First Impressions: Gossamer Gear Kumo Pack

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If you’ve read the previous post you will know that I need a new daypack overnight pack. This is the choice, the Gossamer Gear Kumo pack. this is rated at 36 litres in total, 28 litres in the main pack. My version, large back size and including a mat insert, weighs dead on 500 grams.

I’ve not had this that long but it has already spent a few days on the hills and has been taken to Berlin as my main luggage and then strolling-around pack.

So far I’ve found this to be pretty comfortable even when carrying more than the maximum carrying weight (which is about 11 kilograms).

Basically, this is simple frameless pack. Structure to the pack is given by a sit bad which skips into a fabric holder on the rear of the pack. The mat is made of the same material as the GG Nightlite mat. I used one of these mats for years and, indeed, have it down the back of my main MLD Exodus pack. The mat doesn’t help in distributing weight but it does make the whole thing a little more rigid and comfortable.

The hip belt is reasonably wide but minimalistic — there is no padding on the hip section of the belt. In practice I don’t find the belt necessary to help carry weight, it is more useful to keep the pack from moving. If I was walking on reasonably flat trails I wouldn’t be worried about using the hip belt at all; it is removable. I used this pack in Berlin without the hip belt and it was comfortable enough even when over weight.

Most of the pressure here is taken up by the shoulder straps. These aren’t padded either, rather they are made of a reasonably thin foam which does seem to absorb pressure well. It helps that the straps are generously wide to help distribute the load.

There are no pockets on the hip belt, though you can buy these as extras. The two side pockets are generously sized and have drain holes built into then. The pocket on the front (which you can see in the pic) is pretty generous. The base of the pocket and the base of the pack has extra reenforcement from another lightweight fabric.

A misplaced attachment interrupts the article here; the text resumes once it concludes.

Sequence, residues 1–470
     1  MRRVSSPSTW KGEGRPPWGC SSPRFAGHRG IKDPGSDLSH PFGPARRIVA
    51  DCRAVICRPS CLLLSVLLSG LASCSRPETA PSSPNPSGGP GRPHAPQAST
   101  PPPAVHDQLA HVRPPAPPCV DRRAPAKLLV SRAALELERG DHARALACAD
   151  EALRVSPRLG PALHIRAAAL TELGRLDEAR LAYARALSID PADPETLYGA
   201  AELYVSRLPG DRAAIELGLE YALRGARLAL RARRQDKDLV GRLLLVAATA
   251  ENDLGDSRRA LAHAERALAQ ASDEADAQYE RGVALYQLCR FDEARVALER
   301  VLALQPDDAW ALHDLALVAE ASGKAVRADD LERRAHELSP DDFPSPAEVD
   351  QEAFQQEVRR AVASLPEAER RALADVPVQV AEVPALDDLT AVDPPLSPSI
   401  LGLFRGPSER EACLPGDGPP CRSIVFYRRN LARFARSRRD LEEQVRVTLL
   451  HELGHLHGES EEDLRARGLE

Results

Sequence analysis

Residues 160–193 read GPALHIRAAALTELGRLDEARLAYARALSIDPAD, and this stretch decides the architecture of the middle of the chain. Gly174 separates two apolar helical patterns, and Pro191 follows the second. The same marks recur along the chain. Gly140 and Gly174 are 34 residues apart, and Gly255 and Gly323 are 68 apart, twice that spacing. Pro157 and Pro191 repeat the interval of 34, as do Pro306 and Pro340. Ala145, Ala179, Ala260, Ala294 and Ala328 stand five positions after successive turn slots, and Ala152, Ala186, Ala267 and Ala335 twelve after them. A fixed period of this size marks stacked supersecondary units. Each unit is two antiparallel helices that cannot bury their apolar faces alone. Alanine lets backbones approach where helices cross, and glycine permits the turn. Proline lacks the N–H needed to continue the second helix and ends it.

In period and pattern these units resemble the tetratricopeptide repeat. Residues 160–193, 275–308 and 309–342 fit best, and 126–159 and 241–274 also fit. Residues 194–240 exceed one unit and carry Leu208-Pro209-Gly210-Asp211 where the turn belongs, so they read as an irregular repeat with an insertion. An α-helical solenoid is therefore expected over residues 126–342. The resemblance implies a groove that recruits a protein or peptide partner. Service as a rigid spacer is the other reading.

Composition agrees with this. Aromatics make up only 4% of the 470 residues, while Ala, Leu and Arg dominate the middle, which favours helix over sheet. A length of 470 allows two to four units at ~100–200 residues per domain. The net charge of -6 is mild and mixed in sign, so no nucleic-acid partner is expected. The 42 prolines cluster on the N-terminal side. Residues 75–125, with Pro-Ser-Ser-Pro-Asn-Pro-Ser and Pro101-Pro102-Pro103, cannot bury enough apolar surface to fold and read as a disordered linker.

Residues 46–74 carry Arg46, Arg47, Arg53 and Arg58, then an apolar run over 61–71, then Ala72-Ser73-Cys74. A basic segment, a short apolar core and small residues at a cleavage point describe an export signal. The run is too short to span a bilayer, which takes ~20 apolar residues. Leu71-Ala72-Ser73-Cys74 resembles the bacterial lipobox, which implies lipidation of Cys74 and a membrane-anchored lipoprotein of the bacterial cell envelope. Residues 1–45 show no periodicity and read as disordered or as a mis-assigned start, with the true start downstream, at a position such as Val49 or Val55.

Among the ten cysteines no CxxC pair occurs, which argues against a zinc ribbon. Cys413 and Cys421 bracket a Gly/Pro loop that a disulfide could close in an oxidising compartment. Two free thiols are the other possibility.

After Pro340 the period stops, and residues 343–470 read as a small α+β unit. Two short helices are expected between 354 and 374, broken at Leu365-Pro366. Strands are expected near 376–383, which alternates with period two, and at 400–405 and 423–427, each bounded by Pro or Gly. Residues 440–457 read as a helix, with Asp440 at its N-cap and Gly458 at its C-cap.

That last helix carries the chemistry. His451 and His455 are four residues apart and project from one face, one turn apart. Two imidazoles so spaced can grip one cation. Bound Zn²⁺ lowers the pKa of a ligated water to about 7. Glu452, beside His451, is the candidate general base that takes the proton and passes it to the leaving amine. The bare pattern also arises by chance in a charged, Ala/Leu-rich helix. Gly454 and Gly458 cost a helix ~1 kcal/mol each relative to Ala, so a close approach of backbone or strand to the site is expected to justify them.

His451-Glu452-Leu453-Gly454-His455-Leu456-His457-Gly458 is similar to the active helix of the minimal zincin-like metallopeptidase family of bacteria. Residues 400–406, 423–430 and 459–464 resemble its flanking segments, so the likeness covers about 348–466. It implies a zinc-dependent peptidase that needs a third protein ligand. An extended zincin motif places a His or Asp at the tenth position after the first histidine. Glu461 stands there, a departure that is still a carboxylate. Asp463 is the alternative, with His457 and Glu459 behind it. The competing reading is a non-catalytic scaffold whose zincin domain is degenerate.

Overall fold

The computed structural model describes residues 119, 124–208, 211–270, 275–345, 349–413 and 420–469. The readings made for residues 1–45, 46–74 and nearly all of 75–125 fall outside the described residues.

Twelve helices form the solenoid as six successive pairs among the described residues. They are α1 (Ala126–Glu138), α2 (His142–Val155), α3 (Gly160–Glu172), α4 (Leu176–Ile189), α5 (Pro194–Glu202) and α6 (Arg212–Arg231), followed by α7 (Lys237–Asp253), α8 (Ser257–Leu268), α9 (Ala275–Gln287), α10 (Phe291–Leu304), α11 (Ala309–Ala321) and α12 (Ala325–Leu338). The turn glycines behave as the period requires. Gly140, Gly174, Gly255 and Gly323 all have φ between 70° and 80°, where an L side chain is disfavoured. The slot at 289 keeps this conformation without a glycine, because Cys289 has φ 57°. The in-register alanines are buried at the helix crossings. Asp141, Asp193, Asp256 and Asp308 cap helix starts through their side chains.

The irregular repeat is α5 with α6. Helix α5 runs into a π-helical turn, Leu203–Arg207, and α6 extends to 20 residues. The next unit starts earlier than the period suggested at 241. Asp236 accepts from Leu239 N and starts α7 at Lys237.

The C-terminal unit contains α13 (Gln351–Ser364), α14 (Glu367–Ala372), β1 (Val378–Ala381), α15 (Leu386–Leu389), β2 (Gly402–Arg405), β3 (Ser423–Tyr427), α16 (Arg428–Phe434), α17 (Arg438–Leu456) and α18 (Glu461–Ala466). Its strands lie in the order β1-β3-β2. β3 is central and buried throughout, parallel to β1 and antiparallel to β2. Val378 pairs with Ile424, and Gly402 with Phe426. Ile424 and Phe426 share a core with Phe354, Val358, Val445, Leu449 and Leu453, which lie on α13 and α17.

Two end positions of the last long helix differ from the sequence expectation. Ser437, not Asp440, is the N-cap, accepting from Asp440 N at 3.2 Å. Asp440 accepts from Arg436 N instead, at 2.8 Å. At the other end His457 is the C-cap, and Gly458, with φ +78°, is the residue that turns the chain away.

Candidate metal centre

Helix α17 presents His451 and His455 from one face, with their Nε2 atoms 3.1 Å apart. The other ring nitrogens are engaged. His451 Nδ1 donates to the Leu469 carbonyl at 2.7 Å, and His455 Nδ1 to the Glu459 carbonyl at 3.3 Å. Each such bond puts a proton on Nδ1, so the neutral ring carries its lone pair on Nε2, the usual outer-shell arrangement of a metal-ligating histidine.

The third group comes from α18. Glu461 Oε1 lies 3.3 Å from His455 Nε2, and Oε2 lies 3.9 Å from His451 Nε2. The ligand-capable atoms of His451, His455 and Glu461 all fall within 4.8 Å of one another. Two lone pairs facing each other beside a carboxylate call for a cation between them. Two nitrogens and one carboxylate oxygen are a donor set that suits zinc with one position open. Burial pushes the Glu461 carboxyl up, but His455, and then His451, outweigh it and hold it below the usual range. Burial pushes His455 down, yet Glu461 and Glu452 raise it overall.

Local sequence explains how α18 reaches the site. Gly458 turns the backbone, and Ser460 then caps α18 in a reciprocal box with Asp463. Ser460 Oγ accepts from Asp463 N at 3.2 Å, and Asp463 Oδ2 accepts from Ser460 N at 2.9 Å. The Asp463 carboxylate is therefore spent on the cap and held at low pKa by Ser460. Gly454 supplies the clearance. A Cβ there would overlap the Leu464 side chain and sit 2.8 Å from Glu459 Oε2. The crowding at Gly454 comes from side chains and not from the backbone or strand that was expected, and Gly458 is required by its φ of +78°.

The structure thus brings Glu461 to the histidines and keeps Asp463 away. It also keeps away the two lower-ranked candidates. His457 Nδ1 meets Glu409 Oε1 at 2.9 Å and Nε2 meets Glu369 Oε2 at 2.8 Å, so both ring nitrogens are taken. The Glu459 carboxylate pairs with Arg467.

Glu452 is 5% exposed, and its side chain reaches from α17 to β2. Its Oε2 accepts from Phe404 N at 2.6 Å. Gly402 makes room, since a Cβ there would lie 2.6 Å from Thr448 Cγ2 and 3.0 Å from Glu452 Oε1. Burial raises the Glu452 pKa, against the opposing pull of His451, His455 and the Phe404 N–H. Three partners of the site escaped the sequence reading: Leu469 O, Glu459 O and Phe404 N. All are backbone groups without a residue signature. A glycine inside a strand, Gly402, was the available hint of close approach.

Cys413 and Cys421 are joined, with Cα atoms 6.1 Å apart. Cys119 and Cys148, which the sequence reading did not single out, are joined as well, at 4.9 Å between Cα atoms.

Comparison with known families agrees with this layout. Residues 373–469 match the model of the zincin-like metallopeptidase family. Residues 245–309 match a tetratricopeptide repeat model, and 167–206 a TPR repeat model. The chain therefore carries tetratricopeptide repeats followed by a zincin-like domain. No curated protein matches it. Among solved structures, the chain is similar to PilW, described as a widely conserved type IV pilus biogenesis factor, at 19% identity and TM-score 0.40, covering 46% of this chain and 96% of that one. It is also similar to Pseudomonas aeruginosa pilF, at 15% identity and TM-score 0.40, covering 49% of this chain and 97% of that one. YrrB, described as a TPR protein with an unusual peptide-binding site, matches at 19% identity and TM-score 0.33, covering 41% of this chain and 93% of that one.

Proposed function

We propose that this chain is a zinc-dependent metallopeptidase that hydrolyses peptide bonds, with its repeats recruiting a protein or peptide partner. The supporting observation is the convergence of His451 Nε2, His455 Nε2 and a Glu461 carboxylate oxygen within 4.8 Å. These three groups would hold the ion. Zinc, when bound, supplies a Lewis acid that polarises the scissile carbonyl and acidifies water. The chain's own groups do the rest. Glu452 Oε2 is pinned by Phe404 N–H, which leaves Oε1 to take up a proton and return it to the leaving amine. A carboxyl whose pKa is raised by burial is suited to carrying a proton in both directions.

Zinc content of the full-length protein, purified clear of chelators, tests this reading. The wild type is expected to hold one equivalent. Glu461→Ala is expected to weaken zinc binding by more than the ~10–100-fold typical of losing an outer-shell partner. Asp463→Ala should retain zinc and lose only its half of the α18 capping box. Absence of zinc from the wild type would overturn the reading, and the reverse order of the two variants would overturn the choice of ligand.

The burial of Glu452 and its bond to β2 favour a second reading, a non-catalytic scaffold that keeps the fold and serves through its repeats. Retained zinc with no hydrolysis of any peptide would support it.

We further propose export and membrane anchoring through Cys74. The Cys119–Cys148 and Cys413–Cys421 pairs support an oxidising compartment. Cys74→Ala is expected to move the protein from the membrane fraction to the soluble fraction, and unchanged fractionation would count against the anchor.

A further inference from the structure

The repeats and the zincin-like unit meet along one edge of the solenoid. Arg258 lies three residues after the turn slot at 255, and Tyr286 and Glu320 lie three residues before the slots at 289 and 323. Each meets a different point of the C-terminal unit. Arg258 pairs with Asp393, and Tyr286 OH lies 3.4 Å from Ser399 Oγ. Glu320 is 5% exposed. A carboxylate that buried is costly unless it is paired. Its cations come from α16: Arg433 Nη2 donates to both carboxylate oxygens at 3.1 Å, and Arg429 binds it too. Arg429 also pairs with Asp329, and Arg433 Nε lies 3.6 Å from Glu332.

There are no compression straps as such. On each side of the pack is a line of lightweight bungee chord that can be tensioned to both reduce pack volume and to secure tall objects stored in the pockets — you can’t see well here but this chord is securing both two poles and a water bottle/filter on the other side.

The lid is interesting. Inside the lid are two clips that allow you to tighten things a bit. The lid itself connects to the pack using two small and light line locs. This may be a lightweight arrangement but these lines work well in ensuring the pack is tightly closed. This lid has a compartment that is accessed by the zip on the left. The zip is designed so that it is closed when at the bottom of the zip line; I like this as it means the zip can’t gradually open from the top. I’m not a fan at all of  pack lids as there is a tendency to stash too much weight in here and things can get a little unstable. On this pack the lid has a limited capacity but the design means the pocket is quite useful.

So far I have enjoyed using the pack. It is a proper lightweight pack which I appreciate. it can happily carry a load for an overnighter carrying even a winter load.

I shall report back after it has had a little more use but if you are in the market for something in this range the Kumo is well worth checking out.

Comments

  1. Willem Fox says:

    My go-to pack since 3 years for everything less than 4 days,
    Great pack!

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